[TUHS] /dev/drum

Johnny Billquist bqt at update.uu.se
Sat Apr 28 20:41:37 AEST 2018

On 2018-04-28 02:19, Noel Chiappa wrote:
>      > From: Johnny Billquist
>      > For 1972 I only found the 11/40 handbook.
> I have a spare copy of the '72 /45 handbook; send me your address, and I'll
> send it along. (Every PDP-11 fan should have a copy of every edition of every
> model's handbooks... :-)

Gah. If I were to try and collect every copy made, it would be quite a 
collection. Thanks for the offer. If you really want to get rid of one, 
and is willing to send to Switzerland, then I'll take it in a private 
mail. But you don't really have to.

> In the meantime, I'm too lazy to scan the whole thing, but here's the first
> page of Chapter 6 from the '72:
>    http://ana-3.lcs.mit.edu/~jnc/tech/pdp11/jpg/tmp/PDP11145ProcHbook72pg6-1.jpg

Cool. Thanks. That is a very different terminology. The MMU is not even 
called the MMU, but the "Memory Segmentation Unit".
Very interesting.

>      > went though the 1972 Maintenance Reference Manual for the 11/45. That
>      > one also says "page". :-)
> There are a few remnant relics of the 'segment' phase, e.g. here:
>    http://minnie.tuhs.org/cgi-bin/utree.pl?file=V6/usr/sys/conf/m45.s
> which has this comment:
>    / turn on segmentation
> Also, if you look at the end, you'll see SSR0, SSR1 etc (as per the '72
> handbook), instead of the later SR0, SR1, etc.

So there was a total change in terminology early in the 11/45 life, it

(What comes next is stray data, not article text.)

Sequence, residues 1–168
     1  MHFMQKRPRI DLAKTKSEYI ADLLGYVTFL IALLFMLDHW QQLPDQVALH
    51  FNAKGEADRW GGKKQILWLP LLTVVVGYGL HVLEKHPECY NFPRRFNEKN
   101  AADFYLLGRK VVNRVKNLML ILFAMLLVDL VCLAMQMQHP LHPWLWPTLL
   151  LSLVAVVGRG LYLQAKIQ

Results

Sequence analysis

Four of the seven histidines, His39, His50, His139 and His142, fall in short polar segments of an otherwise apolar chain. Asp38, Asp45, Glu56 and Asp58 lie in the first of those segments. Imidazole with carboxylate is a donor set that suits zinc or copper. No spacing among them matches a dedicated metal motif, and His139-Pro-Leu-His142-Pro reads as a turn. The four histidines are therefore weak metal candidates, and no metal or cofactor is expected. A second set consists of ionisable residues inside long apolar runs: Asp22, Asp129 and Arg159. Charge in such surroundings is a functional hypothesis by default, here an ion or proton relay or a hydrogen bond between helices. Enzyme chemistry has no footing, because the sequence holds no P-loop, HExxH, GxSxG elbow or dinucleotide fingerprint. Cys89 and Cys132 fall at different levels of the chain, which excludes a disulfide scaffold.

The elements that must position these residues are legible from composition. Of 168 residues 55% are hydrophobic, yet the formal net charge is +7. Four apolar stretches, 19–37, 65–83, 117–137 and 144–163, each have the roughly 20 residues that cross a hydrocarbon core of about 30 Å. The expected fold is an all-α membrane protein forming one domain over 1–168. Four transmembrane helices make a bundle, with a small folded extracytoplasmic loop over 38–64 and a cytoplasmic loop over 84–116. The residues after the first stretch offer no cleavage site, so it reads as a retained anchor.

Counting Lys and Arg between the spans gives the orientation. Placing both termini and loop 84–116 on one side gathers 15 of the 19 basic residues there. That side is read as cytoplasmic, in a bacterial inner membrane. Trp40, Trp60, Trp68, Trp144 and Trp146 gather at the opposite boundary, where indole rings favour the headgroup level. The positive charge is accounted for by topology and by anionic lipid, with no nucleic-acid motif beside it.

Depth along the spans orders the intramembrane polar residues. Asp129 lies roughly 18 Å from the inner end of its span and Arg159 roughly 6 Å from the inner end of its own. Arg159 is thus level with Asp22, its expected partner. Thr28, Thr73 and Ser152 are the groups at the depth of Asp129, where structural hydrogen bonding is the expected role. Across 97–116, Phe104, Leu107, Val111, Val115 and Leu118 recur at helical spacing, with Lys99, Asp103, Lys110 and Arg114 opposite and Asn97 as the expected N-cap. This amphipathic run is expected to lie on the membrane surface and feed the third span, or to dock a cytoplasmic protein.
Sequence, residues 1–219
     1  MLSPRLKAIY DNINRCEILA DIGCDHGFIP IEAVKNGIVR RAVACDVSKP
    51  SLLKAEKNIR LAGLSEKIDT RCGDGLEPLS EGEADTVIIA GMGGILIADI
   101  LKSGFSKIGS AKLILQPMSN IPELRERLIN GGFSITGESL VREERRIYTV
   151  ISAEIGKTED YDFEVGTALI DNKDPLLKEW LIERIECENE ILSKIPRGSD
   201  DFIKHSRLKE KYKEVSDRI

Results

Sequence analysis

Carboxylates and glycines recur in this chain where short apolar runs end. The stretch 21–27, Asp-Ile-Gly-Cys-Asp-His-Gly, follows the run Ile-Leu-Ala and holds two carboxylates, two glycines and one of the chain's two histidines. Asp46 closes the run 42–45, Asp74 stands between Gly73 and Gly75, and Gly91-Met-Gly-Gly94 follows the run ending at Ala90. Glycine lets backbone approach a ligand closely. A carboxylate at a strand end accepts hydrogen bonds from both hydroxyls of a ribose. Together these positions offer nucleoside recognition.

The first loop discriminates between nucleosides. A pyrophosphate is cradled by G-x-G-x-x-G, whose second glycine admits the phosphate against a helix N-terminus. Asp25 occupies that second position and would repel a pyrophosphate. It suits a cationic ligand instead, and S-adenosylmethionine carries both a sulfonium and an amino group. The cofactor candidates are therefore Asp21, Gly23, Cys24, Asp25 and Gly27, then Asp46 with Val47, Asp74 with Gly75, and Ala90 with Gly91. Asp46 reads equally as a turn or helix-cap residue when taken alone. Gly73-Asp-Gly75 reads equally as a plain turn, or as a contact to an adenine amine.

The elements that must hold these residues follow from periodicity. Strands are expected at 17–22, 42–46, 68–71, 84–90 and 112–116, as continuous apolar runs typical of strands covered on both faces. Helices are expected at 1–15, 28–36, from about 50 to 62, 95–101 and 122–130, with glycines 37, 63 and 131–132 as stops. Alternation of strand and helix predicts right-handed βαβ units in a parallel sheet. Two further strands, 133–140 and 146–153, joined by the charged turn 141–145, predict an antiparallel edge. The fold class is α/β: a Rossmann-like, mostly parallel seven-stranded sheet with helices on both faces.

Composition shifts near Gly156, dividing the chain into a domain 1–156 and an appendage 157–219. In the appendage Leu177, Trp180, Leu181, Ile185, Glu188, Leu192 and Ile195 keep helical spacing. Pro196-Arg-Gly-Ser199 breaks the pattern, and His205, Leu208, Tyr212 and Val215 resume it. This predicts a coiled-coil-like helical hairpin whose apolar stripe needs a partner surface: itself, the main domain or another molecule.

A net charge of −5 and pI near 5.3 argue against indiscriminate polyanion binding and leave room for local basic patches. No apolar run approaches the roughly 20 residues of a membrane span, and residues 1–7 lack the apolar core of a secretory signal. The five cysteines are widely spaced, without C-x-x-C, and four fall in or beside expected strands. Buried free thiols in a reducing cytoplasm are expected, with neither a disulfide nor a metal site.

would appear. I wonder why.
I can only speculate, but I probably would not blame some market droids.
Trying to think about this, I feel that one of the most important 
differences between segmentation and pages are that with segmentation 
you only have one contiguous range of memory, described by a base and a 
length register. This will be a contiguous range of memory both in 
virtual memory, and in physical memory. With segmentation you cannot 
have your virtual memory split up and spread out over physical memory. 
You can also, pretty much, arbitrarily point where in physical memory 
your virtual memory starts and ends.

With pages, this is obviously not the case anymore. The PDP-11 do have 
the ability to have pages start at close to arbitrary addresses in 
physical memory, but you can certainly have your virtual memory spread 
out over different places in physical memory. Your virtual memory is 
also not just described by a base and length, as you have 8 pages, 
starting at fixed virtual memory addresses. You can also have "holes" in 
your memory, with pages that are invalid, yet have pages higher up in 
your virtual memory which are valid. Something that is impossible with 
segmentation, since you only have one set of registers for each memory 
type (at most) in a segmented memory implementation.

I mean, when people talk about segmented memory, what most everyone 
today thinks of is the x86 model, where all of this certainly is true.

So, by this definition, it would be very wrong to call what the PDP-11 
have segmentation. And I would suspect that to be the reason why DEC 
changed their terminology. Segmentation simply started to become an 
established term, and it did not match what the PDP-11 did, so the 
documentation had to change to better describe what it was.


Johnny Billquist                  || "I'm on a bus
                                   ||  on a psychedelic trip
email: bqt at softjar.se             ||  Reading murder books
pdp is alive!                     ||  tryin' to stay hip" - B. Idol

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